Balloch

Balloch is a small town in West Dunbartonshire, Scotland, at the foot of Loch Lomond.

Balloch, or Bealach, comes from the Gaelic word ‘bal’ (baile or ball) which means village or hamlet, so Balloch means village on the Loch – as in nearby Loch Lomond. The word can also mean “the pass”.

Balloch, Scotland

Balloch, Scotland

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Balloch is at the north end of the Vale of Leven, straddling the River Levenitself. It connects to the larger town of Alexandria and to the smaller village of Jamestown, both of which are located to its south. It also borders the Kilpatrick Hills. To the east of the town lies the major local authority housing scheme in the area known as ‘The Haldane’ or ‘The Mill of Haldane’. At 56 degrees N, Balloch is at about the same latitude as Moscow.

With its accessible location at the southern end of Loch Lomond and just off the main road from Glasgow to the West Highlands, it is an important centre of tourism, especially from Glasgow and Dumbarton. The town has a number of hotels, inns and pubs, and there are cruises from Balloch up Loch Lomond, and other services, including to nearby locations like Luss, and the Renfrew Ferry service. The largest number of boats cruising on Loch Lomond leave from Balloch. It contains Balloch Country Park and Balloch Castle, and is at the southern end of the first Scottish national park, Loch Lomond and The Trossachs National Park.

There is a Sea Life Centre located in the town. The Loch Lomond Youth Soccer Festival used to take place in the town. “Lochfoot” in the Jean Robertson novels of Jane Duncan is partly based on the town. The PS Maid of the Loch is currently being restored at Balloch pier.

The A811 road (based on an eighteenth-century military road) goes from Balloch to Stirling, and the A813 goes from Dumbarton to Balloch. The Glasgow to Loch Lomond cycle path (part of National Cycle Route 7) ends at Balloch. The West Loch Lomond Cycle Path also runs from Balloch.
The town was formerly served by two railway stations on the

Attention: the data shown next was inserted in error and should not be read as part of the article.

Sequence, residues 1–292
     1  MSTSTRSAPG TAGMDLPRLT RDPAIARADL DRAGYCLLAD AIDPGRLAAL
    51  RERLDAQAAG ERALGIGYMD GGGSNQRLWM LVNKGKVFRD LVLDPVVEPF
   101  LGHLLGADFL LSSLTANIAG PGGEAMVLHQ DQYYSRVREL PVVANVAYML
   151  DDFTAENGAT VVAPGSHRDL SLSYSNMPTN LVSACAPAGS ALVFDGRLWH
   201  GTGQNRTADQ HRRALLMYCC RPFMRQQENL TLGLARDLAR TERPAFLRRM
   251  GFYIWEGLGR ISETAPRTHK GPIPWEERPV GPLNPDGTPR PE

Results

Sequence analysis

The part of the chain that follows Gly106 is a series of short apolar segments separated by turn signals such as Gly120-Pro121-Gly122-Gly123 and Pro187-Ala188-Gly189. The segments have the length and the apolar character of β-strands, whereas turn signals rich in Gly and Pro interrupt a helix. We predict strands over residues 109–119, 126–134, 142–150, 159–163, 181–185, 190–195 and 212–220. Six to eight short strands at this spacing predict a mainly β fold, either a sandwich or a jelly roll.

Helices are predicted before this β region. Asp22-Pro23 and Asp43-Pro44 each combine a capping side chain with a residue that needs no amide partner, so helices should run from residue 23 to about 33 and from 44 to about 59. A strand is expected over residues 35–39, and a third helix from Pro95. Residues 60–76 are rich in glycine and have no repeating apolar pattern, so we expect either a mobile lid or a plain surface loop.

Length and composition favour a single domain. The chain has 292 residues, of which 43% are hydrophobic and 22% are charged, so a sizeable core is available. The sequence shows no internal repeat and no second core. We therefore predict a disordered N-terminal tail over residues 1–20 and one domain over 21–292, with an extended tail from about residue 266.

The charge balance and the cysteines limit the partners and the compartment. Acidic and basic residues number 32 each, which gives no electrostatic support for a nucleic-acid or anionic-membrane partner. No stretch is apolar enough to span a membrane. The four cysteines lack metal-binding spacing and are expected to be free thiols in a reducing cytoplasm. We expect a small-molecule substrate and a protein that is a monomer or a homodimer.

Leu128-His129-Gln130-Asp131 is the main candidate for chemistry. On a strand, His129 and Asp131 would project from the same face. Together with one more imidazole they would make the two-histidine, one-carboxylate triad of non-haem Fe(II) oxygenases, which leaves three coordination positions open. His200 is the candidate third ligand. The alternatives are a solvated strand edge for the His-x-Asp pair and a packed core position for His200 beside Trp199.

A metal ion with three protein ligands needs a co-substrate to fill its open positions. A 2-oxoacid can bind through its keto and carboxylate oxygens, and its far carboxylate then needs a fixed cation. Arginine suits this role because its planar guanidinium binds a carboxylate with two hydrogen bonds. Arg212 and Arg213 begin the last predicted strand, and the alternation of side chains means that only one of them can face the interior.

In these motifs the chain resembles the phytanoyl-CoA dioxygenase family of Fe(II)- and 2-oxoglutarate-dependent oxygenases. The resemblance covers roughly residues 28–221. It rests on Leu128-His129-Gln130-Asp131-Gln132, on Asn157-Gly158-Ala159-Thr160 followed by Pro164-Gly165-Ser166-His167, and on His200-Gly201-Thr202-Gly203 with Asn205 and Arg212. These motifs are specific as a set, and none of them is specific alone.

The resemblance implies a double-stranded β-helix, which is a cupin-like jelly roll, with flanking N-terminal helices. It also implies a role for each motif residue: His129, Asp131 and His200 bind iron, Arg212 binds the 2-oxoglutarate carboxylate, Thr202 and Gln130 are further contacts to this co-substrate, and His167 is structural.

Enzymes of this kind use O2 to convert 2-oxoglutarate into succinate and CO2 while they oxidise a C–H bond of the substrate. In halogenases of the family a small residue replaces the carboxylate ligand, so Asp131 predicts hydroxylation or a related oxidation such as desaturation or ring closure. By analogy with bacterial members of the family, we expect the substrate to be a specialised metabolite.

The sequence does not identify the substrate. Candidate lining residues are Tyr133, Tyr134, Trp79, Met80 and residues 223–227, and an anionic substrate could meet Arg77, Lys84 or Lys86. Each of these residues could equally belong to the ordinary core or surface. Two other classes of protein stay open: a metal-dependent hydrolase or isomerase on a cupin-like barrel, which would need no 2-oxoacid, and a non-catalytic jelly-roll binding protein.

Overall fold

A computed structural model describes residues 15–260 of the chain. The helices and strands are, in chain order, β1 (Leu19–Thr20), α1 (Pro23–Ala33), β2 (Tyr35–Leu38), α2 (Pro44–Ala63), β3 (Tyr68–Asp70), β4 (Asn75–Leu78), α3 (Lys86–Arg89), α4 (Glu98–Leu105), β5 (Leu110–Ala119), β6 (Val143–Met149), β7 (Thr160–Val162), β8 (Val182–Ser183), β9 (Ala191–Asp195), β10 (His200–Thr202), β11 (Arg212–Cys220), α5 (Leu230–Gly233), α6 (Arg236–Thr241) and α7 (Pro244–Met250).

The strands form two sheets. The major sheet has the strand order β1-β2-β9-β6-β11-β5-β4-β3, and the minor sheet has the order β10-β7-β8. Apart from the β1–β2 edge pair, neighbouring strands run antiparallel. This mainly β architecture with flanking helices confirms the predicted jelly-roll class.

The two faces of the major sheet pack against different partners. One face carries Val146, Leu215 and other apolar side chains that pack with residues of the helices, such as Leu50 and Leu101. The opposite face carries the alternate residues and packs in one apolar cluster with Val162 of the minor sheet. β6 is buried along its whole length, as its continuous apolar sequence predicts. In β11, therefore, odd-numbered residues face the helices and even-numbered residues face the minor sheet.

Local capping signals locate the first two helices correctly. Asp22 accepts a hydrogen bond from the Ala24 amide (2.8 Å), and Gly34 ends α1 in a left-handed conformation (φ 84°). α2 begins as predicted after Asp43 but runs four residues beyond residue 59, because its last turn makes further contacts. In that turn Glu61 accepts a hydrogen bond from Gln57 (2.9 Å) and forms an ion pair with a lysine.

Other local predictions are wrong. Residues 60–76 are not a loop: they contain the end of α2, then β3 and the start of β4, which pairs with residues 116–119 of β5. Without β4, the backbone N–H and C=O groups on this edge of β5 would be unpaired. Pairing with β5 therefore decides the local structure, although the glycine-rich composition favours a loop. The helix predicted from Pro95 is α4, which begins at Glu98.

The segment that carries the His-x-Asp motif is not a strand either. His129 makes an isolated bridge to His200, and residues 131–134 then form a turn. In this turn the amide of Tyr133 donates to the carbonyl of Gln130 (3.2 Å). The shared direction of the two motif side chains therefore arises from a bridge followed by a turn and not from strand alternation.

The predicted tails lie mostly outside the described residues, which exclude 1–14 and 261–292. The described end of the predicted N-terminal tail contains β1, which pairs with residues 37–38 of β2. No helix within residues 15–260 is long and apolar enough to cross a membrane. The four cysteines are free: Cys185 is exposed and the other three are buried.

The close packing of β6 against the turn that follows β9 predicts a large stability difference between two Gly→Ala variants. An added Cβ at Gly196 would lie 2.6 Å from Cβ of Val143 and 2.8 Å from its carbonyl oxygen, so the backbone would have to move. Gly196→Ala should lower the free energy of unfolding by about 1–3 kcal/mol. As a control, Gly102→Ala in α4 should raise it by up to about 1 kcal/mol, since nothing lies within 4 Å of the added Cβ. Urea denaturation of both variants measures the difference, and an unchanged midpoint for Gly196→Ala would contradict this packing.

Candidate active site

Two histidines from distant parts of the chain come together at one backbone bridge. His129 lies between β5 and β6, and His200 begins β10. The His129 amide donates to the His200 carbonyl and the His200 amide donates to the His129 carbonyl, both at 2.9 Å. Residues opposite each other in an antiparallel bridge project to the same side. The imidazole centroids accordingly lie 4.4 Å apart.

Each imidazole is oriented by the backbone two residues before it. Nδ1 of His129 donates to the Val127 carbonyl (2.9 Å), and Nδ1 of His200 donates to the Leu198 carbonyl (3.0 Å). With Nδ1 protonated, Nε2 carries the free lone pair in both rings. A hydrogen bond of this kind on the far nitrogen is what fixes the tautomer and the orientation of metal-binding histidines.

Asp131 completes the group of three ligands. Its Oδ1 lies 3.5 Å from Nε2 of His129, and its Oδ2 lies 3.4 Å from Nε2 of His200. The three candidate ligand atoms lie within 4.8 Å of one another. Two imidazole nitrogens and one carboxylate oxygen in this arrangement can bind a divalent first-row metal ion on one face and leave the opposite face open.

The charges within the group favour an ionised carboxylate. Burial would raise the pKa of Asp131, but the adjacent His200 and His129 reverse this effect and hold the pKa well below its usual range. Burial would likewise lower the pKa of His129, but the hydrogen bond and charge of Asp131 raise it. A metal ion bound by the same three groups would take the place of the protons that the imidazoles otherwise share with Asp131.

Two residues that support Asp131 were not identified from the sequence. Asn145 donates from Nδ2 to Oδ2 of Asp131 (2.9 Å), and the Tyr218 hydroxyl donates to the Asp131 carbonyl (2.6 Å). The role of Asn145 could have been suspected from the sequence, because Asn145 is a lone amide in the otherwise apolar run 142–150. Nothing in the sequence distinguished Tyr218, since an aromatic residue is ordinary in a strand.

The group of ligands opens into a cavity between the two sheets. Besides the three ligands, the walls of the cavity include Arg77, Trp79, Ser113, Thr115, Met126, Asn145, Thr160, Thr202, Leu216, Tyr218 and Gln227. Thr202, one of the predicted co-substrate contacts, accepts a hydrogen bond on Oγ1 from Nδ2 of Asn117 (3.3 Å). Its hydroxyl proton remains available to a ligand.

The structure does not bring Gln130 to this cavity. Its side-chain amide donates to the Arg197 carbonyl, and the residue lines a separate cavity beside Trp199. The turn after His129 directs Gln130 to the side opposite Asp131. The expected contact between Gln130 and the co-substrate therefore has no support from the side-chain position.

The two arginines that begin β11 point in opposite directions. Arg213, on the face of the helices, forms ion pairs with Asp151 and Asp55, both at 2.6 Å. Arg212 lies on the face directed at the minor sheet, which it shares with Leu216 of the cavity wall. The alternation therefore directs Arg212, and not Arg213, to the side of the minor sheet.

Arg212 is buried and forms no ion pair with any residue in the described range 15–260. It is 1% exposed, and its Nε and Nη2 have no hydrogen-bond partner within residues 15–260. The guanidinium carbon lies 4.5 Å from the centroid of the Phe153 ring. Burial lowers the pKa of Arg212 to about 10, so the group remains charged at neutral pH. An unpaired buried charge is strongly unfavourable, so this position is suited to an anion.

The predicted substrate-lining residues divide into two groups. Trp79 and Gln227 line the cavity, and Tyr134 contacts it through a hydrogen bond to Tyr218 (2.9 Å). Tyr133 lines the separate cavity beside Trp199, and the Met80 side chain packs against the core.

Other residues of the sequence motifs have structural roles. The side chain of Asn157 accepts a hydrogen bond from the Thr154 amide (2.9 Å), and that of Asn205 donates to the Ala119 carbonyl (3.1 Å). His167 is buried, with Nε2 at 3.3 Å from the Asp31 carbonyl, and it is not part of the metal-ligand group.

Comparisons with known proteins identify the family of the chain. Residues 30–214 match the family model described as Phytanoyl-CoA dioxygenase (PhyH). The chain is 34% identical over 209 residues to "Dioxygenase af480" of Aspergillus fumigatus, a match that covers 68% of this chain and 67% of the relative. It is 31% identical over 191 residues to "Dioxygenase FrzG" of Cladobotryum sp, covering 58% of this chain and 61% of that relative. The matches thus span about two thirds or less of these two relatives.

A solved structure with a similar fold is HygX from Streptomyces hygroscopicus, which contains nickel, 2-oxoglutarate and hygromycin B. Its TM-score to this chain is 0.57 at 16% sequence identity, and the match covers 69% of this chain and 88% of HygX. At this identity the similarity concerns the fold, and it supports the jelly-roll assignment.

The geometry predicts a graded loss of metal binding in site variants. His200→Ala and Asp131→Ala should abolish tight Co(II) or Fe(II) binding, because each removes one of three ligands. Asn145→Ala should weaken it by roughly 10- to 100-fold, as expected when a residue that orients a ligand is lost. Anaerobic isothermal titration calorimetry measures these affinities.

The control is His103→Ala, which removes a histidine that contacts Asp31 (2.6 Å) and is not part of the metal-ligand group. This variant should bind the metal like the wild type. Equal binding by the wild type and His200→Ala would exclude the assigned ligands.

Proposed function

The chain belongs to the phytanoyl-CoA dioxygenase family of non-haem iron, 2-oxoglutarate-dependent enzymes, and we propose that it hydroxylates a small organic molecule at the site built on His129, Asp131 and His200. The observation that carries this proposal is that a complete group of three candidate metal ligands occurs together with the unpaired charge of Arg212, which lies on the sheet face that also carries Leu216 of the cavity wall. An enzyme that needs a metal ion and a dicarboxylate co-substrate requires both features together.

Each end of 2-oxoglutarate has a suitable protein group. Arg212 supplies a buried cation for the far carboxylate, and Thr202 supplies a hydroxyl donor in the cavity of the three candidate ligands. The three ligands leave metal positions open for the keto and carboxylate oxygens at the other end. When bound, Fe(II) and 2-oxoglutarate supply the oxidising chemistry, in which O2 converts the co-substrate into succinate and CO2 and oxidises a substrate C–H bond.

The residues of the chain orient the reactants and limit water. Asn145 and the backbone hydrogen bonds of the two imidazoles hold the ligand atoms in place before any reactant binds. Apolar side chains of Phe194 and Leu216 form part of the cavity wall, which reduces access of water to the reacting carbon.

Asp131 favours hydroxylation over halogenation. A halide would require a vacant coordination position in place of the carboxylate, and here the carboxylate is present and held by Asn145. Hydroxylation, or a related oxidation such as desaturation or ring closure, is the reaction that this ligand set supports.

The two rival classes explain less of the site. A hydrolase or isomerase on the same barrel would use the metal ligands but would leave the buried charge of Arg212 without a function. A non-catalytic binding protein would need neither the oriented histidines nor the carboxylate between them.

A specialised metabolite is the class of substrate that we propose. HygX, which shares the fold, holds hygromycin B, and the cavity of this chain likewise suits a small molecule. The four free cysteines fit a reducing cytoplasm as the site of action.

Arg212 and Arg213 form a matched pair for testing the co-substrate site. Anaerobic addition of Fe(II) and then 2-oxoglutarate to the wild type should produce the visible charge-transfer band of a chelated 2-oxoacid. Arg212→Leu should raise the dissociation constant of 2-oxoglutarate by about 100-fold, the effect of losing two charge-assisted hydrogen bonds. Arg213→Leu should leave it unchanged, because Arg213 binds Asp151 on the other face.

Caledonian and Dunbartonshire Junction Railway: Balloch Central, and Balloch Pier, which closed in 1988 and 1986, respectively. The town now has one railway station, which is a terminus of the North Clyde electric train service from Glasgow.

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Helensburgh

Helensburgh is a town in Argyll and Bute, Scotland. It lies on the north shore of the Firth of Clydeand the eastern shore of the entrance to the GarelochHelensburgh was formerly in Dumbarton District, but was re-allocated under local government reorganisation in 1996. Prior to 1975 it was part of the former Dunbartonshire.

Helensburgh, Scotland

Streets of  Helensburgh on a sunny beautiful day in July, Scotland, United Kingdom 

Helensburgh was founded in 1776 when Sir James Colquhoun of Luss built spa baths on the site of Ardencaple Castle, which dated back to about 1600. He then had the seaside resort town constructed to the east of the spa on a formal layout in the style of Edinburgh New Town, and named it after his wife Helen. A ferry service he arranged across the Firth of Clyde to Greenock was successful in attracting residents who could commute from jobs there to attractive homes in the new town. Helensburgh became a favourite place of residence for shipping tycoons and tobacco merchants from Glasgow. At one point the small town had one quarter of Britain’s millionaires living there.